Inflammations in the Upper Respiratory Tract
Two common conditions of the upper respiratory tract include laryngitis, an inflammation of the larynx (voice box), and pharyngitis, an inflammation of the pharynx (throat).
The larynx, or area of cartilage and tissue located at the entrance to the trachea, contains the vocal cords. When the larynx and vocal cords are swollen and inflamed, the result is usually hoarseness or loss of voice. Laryngitis that develops over a short period of time is typically caused by a viral infection, but it can be part of a bacterial infection. In most cases, laryngitis is not a serious condition, but it can be a nuisance. Chronic hoarseness (lasting longer than two weeks) should be followed up by a doctor’s visit to determine the cause and begin treatment.
Pharyngitis also can be viral or bacterial. A common cause of bacterial sore throat is group A Streptococcus, or strep throat. Nearly all sore throats that begin abruptly are caused by a virus and will disappear on their own without treatment. If a sore throat persists for more than several days, a doctor should be consulted to find out if it has a treatable cause. Streptococcal pharyngitis should be diagnosed and treated quickly to avoid long-term and serious complications, such as rheumatic fever or kidney failure. Sore throats due to a virus can be soothed with saltwater gargles, lozenges, fluids, and increased humidity in the air.
What Causes Loss of Voice and Sore Throat
Laryngitis can result from overuse of the voice, irritation from allergies or other environmental irritants, stomach acid reflux, or a viral or bacterial infection. In most cases, laryngitis is due to an infection from a virus, or less often, bacteria.
People at greatest risk for developing laryngitis are those with an upper respiratory infection. The symptoms of hoarseness or loss of voice develop over a short period and may be accompanied by swollen neck glands, sore throat, or fever. In some mild infections, the only symptom is hoarseness. In young children, two possibly severe causes of laryngitis are croup and epiglottitis. Croup can follow a cold and results in a barking cough and difficulty breathing at night. Epiglottitis is a relatively rare, but life-threatening, complication of a bacterial infection that causes the airways to close due to rapid swelling of the larynx and surrounding tissues.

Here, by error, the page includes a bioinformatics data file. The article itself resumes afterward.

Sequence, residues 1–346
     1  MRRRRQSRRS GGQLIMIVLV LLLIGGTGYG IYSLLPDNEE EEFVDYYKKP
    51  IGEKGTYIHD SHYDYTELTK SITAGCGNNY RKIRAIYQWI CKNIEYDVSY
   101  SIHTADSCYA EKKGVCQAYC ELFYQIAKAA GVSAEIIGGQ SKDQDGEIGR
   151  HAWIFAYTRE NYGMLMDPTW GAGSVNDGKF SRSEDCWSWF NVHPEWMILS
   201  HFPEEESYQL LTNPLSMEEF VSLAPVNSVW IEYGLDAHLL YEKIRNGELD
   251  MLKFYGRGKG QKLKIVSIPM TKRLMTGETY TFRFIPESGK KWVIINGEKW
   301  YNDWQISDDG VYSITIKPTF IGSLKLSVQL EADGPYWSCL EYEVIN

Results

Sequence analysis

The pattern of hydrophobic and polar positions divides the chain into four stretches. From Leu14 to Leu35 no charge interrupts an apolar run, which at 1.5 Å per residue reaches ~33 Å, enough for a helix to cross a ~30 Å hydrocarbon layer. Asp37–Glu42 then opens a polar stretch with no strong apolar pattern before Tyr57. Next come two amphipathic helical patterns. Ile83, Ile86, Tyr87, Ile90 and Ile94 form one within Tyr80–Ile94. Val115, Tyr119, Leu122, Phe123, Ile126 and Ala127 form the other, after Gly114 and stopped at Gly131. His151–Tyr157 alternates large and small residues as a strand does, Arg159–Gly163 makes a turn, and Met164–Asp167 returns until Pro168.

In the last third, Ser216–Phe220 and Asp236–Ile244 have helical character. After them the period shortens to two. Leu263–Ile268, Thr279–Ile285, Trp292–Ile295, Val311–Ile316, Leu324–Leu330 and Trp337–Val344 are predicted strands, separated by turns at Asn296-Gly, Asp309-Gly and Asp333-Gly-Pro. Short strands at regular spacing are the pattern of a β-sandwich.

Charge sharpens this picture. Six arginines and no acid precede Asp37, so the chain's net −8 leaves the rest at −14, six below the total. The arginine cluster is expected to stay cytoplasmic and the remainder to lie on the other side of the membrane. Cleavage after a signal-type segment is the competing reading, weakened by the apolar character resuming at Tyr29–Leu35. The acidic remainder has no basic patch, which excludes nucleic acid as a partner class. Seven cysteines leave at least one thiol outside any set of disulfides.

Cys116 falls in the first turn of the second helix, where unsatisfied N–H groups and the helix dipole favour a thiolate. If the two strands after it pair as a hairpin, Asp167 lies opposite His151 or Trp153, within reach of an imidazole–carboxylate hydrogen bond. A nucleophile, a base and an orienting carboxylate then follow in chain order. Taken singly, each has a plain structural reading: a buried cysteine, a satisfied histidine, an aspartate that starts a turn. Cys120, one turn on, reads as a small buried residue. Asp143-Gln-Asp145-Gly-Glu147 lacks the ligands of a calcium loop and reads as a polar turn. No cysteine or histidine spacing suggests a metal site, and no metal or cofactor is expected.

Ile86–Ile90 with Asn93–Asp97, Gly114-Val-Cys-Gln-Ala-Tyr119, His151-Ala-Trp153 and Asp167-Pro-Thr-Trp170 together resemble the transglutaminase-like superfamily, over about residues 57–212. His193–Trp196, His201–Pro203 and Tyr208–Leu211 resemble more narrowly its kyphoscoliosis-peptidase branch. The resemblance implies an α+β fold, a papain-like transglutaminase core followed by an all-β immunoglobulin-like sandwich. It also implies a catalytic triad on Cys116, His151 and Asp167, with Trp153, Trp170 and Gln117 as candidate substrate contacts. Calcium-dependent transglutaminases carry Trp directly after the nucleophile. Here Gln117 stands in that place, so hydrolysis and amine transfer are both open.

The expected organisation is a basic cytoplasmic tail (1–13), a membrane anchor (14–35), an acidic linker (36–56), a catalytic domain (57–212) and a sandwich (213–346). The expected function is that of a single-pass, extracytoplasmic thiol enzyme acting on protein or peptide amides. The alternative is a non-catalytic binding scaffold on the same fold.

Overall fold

If laryngitis is a chronic problem, the doctor will investigate the possible causes for the swelling and inflammation. If laryngitis is not due to an infection, it is most often a result of injuring the vocal cords through overuse, smoking, or stomach acid reflux. Hoarseness can also be a result of growths or other abnormalities of the vocal cords. A specialist of the ear, nose, and throat can perform tests on the vocal cords to determine the cause of the hoarseness and the appropriate treatment.
For most cases of laryngitis, treatment consists of resting the voice box (not talking). Keeping the throat moist and the air humidified can be helpful. It is best not to whisper or clear the throat continually, since these actions actually strain the vocal cords. If the laryngitis is due to a bacterial infection, it should be treated with antibiotic therapy. If a young child has a fever and laryngitis with difficulty breathing and is drooling, a doctor should be consulted immediately.
Pharyngitis, or sore throat, accounts for over 18 million visits to the doctor each year in this country. About 90% of these cases are caused by such viruses as the cold or flu or Epstein-Barr, the cause of mononucleosis. There are several bacterial causes of sore throat, and if left untreated, bacterial pharyngitis can lead to complications. The most common bacterial cause of pharyngitis is group A streptococcus, or strep throat. Children and teenagers are most often affected by sore throats. The diagnosis of pharyngitis is made during a thorough physical exam which focuses on the throat and lymph nodes. Since the cause of pharyngitis cannot be determined by simply looking at the throat, a quick screening test or a culture can be taken to look for streptococcus or mononucleosis.
Treatment for viral pharyngitis is similar to that for viral laryngitis: Saltwater gargles, lozenges, fluids, and increased humidity in the home are recommended. If a sore throat continues for more than several days, a doctor should be consulted. If an antibiotic is prescribed, it is important to finish the entire prescription as directed to guarantee success and avoid complications.
Since the viruses that cause laryngitis and pharyngitis can be easily spread by direct contact, coughing, or sneezing, hand washing is the first and best defense against their spread. Regular hand washing with soap throughout the day is the best prevention of these wintertime diseases. If soap and water are not available, alcohol-based hand sanitizers with moisturizers are effective alternatives.
Your pharmacist can help you select over-the-counter medications to relieve symptoms of pharyngitis or laryngitis and answer questions about antibiotics if they are prescribed for the treatment of these conditions.